The cover of Abbey Road has no printed words. It is a photo of the Beatles, in side view, crossing the street in single file.
Apple Records

In February of 1969, the Beatles went into Abbey Road studio to record the last sessions the group would ever record together. Let It Be may be the last album released by the Beatles, but Abbey Road is truly their last album.

On Abbey Road, the Beatles incorporated blues rock (“Oh! Darling,” “You Never Give Me Your Money”), early progressive rock (“I Want You You (She’s So Heavy),” “Because”), and a few cliché sixties “summer of love” styled pop songs (“Here Comes the Sun,” “Something”). Many fans, especially your typical white-male fathers who adore the Beatles, call Abbey Road the peak of the Beatles’ creativity and even “the greatest album of all time.” However, Abbey Road sounds just as iconic as it sounds polarizing, where each member seems to be artistically different with one another, but it is dealt with civilly here unlike past albums. Not only is Abbey Road a sort of preview of what each member of the Beatles would accomplish during their solo careers, but it’s their true goodbye to a decade they dominated.

Abbey Road opens with the lead single “Come Together,”—the first Beatles song I came to love as a child, when listening to 1 (2000), an album my mother would constantly play. John Lennon’s whisper of “shoot” is actually Lennon saying, “shoot me,” followed by a hand-clap, in which McCartney’s elevating thick funk-esque bass line muffles out “me.” The bluesy hit was Lennon’s last politicized stance in the Beatles, as he wrote it originally for Timothy Leary’s campaign against Ronald Reagan for governor of California.

It is followed by the always beautiful “Something,” sung by George Harrison. It includes very warm vocals and smooth organ playing from Billy Preston, which clearly overshadows Lennon’s piano playing. Frank Sinatra called it “the greatest love song ever written” and he certainly wasn’t wrong. Then comes the quirky and ever-glorious Moog synthy “Maxwell’s Silver Hammer,” which is the darkest and most imaginative Beatles song ever recorded, written by Paul McCartney. However when recording this peculiar number, the group was becoming more tense with each other, as the sessions took weeks for McCartney to get it just right. In a 2008 interview with Rolling Stone magazine, Ringo Starr said, “The worst session ever was ‘Maxwell’s Silver Hammer.’ It was the worst track we ever had to record. It went on for fucking weeks. I thought it was mad.” “Oh! Darling” echoes a bit of some Frank Zappa doo-wop and 50-styles rock. Even Ringo gets to sing the brilliantly deep and underappreciated “Octopus’s Garden.” The monstrous and innovative “I Want You (She’s So Heavy)” could serve as the Beatles’ prototype to heavy progressive rock that would spark throughout the seventies with it’s repetitiveness instrumentally and lyrically. The same phrases are repeated and played over a number of variations, especially rhythmically. It’s finale features Lennon’s and Harrison’s massed overdubbed dueling guitars, that are multi-tracked numerous times over the same unrelenting chord pattern, which was tuned to full volume, giving the impression that the song could have gone on forever. The song ends abrupt, after leaving you hypnotic.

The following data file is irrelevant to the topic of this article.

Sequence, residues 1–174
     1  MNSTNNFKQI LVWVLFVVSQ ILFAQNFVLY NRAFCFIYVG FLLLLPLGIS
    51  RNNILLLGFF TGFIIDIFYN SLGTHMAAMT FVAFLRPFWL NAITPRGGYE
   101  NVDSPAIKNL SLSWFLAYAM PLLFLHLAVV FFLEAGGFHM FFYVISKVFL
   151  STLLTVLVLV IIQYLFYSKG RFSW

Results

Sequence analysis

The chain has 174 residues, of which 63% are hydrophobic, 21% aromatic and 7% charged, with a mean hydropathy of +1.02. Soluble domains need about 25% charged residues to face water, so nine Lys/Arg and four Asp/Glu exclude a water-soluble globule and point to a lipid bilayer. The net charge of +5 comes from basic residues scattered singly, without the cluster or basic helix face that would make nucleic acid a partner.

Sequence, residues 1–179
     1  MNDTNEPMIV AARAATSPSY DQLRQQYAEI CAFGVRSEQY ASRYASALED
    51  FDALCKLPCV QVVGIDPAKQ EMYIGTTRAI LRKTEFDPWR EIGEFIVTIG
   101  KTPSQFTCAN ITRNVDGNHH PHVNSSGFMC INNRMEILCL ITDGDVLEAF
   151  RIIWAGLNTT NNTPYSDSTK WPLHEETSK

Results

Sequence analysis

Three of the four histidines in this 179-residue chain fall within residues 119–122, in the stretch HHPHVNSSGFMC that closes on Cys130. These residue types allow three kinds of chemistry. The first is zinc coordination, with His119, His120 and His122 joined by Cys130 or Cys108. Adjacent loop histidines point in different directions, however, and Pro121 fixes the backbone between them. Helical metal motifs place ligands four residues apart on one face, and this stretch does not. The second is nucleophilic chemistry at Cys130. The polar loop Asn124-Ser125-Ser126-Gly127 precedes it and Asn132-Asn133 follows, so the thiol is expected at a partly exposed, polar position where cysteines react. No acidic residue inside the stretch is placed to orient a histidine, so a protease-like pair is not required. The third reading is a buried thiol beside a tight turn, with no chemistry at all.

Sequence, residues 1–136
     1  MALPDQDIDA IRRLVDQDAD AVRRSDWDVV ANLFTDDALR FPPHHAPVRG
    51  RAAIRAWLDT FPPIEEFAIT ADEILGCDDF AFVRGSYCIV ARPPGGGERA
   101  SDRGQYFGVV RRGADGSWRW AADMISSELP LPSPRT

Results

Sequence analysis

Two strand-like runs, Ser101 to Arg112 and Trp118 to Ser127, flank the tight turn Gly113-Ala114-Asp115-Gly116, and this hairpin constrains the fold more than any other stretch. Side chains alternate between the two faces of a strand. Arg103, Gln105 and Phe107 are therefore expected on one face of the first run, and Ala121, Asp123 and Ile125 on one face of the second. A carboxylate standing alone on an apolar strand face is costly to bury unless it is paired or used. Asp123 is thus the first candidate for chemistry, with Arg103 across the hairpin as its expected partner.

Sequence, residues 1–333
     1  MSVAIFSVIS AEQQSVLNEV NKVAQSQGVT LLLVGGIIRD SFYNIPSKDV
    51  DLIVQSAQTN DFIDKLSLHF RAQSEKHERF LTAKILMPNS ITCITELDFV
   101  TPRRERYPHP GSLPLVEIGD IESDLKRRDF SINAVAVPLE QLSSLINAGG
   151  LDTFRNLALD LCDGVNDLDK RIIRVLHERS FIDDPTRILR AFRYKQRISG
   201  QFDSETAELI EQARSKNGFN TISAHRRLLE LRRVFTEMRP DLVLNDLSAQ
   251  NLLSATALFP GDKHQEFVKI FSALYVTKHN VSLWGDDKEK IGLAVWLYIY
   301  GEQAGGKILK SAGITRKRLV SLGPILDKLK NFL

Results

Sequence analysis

The group later shows up the Beach Boys and makes Beethoven rollover on the harpsichord with the harmonically complex “Because.” On side two, there is an epic medley, which starts off with the punchy honky-tonk piano driven “You Never Give Me Your Money,” which sounds like a later McCartney solo number. It is followed by the mellow psychedelic “Sun King,” a track similar to “Because,” but in an exotic harmony. Then comes the Harry Nilsson-influenced “Mean Mr Mustard.” “Polythene Pam” picks up the energy during the medley with Lennon’s singing and Harrison’s assertive guitar work. The guitar boogie “She Came In Through The Bathroom Window,” oddly has McCartney playing lead guitar and Harrison playing bass—it’s usually the other way around. The pleasant “Golden Slumbers,” which has McCartney’s vocals are greatly emphasized on shares a similar melody to the symphonic “Carry That Weight,” which includes layers of vigorous brass during the bridge, as it also reprises the opener of the medley. The title of the closer, “The End” isn’t the only sign of the band departing. You can tell in the recording especially in the harmony section, it’s the band saying goodbye; it sounds more like the real band saying farewell than “Sgt. Pepper’s Lonely Hearts Club Band (Reprise)” did. After the energetic but depressing closing track, “The End” the group left another hidden track, “Her Majesty,” but this time instead of it being obnoxiously freighting like it was before, it’s simply charming. might be the most iconic Beatles album cover, but its certainty not their best album. The Beatles had a good run throughout the sixties, but since they started experimenting with their sound in the mid-sixties, each member started separating themselves and came to the realization that their material was more noteworthy than the other, which hurts the album. They were still young and optimistic, but not for Beatles material. This was the end. Truly.


Classic Tracks – “Maxwell’s Silver Hammer,” “Octopus’s Garden,” “Polythene Pam,” “I Want You (She’s So Heavy)” and “Come Together”

Ehh – “Sun King”

Listen to the Beatles’ Abbey Road here or below.